KENYA: JHR works to engage men as allies in fight against FGM

The anti-FGM elder engagement forum underway

Seventy-six-year-old Joel Kalya is a happy elder. He has seen his daughters through school successfully in a region where female genital mutilation (FGM) is a mandatory rite of passage for girls, pushing them into early marriages.

Joel hails from Chepkokogh location in Lomut Ward in West Pokot County, Kenya, safely tucked in the hills approximately 110 kilometers northeast of Kapenguria town. The rough terrain in the remote area is hardly accessible by vehicles, and one needs a four-wheel drive to navigate the impassable roads.

The area has increasingly been mapped as a high-security hotspot because it borders Elgeyo Maraket County to the north, which has experienced perennial insecurity concerns. Residents of Chepkokogh village have been in constant conflicts with their neighbours, the Marakwets, mostly over grazing land and other natural resources. This has largely derailed development in the region, where illiteracy levels are relatively high. As a result, Chepkokogh is marked as one of the locations with the highest prevalence of female genital mutilation (FGM) in Kenya.

When he joined more than 150 other elders for a public sensitization forum on February 25, 2023, it was clear in Joel’s mind that things needed to change. “Let’s have a committee of people who do not fear to speak and stand against FGM,” he said. “We have able and fearless people among ourselves that will not fear saying no to FGM.” Joel’s commitment to stand up against FGM is crucial in ending harmful cultural practices against girls.

Benard Ogoi, JHR’s Kenya project coordinator, believes that “elderly men are influential as the custodians of cultural beliefs and practices. It is important that they are educated on the harm that FGM has on women and girls. With this knowledge, they are able to play an important role as change agents in helping to end FGM and all other forms of gender-based violence in their community.” Benard says engaging men as allies to establish positive and progressive gender attitudes is vital to changing a culture that has historically reinforced gender-based violence.

I-Rep Foundation, a women-led community organization in the West-Pokot county, organized the forum in collaboration with JHR’s Canada World Voice For Women and Girls’ Rights project. The forum mobilized male elders to be allies and support local anti-FGM campaigns as part of events to commemorate International Zero Tolerance Day to end FGM.

The relentless work of anti-FGM campaigners like I-Rep Foundation Executive Director Domtila Chesang

is gradually changing mindsets in the community.

The men-only engagement renewed hopes of a breakthrough with the end-FGM campaigns, considering that the area witnessed a high prevalence of FGM during the December 2022 school holidays.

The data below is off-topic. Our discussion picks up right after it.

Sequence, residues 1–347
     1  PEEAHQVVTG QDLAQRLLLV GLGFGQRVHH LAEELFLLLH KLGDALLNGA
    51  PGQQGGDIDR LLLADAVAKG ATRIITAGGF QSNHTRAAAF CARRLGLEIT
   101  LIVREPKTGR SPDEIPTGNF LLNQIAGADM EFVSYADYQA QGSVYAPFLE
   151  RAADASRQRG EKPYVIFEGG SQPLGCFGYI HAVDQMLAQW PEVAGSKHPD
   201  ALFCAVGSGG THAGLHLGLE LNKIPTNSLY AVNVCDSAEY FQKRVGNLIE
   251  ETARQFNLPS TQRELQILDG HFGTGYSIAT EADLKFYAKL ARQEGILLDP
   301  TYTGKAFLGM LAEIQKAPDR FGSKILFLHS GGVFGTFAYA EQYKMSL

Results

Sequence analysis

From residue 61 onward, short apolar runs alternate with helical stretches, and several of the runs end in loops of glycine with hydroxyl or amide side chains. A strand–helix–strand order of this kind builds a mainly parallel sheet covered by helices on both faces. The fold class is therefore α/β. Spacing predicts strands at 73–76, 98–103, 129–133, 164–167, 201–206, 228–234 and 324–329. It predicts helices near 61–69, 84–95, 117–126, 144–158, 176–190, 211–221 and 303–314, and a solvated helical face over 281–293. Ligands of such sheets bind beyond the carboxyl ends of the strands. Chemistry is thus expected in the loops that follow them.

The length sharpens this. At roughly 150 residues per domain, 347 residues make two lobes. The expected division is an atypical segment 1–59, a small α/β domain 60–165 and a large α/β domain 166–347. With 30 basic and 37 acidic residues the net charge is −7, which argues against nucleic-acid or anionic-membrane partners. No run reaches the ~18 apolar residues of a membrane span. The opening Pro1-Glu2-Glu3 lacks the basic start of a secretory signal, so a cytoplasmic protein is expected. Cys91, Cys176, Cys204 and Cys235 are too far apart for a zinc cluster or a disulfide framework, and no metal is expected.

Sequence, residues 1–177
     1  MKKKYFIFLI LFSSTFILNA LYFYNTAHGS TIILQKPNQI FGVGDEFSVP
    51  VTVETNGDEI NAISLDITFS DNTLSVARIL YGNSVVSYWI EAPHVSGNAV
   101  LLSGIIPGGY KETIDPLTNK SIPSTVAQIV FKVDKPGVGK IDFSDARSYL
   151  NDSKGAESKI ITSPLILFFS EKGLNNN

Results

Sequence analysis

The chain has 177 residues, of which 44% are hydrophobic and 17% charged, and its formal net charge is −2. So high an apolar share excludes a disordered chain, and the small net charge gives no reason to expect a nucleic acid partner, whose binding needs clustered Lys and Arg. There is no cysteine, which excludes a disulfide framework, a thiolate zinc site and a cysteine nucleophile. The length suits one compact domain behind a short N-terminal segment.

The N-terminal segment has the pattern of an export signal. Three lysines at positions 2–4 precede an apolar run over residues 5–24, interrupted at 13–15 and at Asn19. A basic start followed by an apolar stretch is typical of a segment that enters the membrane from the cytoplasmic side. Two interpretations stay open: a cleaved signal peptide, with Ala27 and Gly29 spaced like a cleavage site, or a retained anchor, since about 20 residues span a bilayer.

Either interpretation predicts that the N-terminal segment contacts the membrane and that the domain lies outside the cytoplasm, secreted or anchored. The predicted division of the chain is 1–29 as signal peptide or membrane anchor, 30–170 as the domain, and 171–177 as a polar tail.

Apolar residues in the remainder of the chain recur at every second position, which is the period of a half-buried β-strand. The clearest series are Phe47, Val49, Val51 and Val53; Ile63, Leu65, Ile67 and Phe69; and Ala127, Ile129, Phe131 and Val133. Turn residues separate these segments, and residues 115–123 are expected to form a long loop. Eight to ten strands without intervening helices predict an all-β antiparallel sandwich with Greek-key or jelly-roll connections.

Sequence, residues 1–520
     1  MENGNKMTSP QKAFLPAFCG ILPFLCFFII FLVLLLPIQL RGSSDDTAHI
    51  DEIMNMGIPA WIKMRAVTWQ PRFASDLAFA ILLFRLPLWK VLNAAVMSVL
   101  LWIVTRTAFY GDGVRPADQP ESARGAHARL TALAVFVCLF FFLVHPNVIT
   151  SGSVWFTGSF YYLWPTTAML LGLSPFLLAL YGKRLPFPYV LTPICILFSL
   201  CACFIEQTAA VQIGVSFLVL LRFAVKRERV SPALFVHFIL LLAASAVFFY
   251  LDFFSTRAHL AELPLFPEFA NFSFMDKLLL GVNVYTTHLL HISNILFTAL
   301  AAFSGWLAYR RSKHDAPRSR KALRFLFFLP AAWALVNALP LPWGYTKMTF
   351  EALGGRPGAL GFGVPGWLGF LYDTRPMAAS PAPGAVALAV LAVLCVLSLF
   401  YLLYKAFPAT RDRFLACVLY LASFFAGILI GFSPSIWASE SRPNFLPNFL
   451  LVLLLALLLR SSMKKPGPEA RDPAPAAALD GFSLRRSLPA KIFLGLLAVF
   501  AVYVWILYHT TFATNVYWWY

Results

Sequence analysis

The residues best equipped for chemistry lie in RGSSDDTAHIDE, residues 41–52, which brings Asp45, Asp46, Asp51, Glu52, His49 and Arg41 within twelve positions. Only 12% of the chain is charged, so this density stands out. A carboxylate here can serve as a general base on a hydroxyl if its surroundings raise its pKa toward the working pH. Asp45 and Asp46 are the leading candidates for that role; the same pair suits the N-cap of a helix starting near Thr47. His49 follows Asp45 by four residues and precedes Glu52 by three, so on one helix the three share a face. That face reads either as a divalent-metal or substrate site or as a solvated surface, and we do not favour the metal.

During the Covid-19 pandemic that resulted in the indefinite closure of schools, Chepkokogh ward recorded the highest number of reported and undocumented FGM cases in Kenya. Community end-FGM campaigners report that hundreds of girls were subjected to the most severe type of FGM (type 3), also known as infibulation.

The participants, who included local chiefs, religious leaders, and cultural elders, deliberated on their role in protecting women and girls from all forms of harm. The animated public dialogue, punctuated with song, dance and laughter, involved demonstrations on how FGM affects women and girls. It was an eye-opener to men and enlightened them on why they needed to participate in speaking out against the vice and put a stop to it.

Even though Kenya has criminalized all forms of FGM, inadequate resources and ineffective enforcement of the law continue to fuel impunity. Domtila Chesang, I-Rep Foundation executive director and founder, said, “Despite over 100 girls being cut during this period, no arrests were made and no psychosocial support was offered to the victims and survivors of FGM.”

For decades, the elderly male elders who wield enormous power have remained a stumbling block in ending FGM in their community. “At least three previous attempts to bring them to the discussion table have failed,” said Domtila.

The relentless work of anti-FGM campaigners like Domtila is gradually yielding positive outcomes in changing the minds of men in the community. “I always tell people in my village that FGM is not a good thing,” one of the elders said, adding, “I came to realize that women go through a lot of problems during childbirth due to FGM.” He encouraged his peers to refrain from forcing their daughters to undergo FGM. He instead urges them to invest in their education while underscoring the important role of girls’ education in improving family livelihoods and general well-being. Joel contends that education has changed the lives of his daughters. “I am a happy man because I am getting the fruits of education, I can tell you for sure, education is sweet,” he said. “We should all say no to FGM.”

As a sign of commitment to making Chepkokogh village free of FGM, approximately 20 elders led their peers in making cultural declarations to rally the community to abandon the practice and collaborate in all initiatives geared towards ending FGM. They acknowledged that their village had lagged for ages in development due to FGM and vowed to add their voices to the end-FGM campaigns by declaring their stand on the practice.

JHR’s Canada World: Voice for Women and Girls Rights program in Kenya works to build synergy and enhance cooperation between the media, CSOs,and the government on policies that empower women in all aspects of life.

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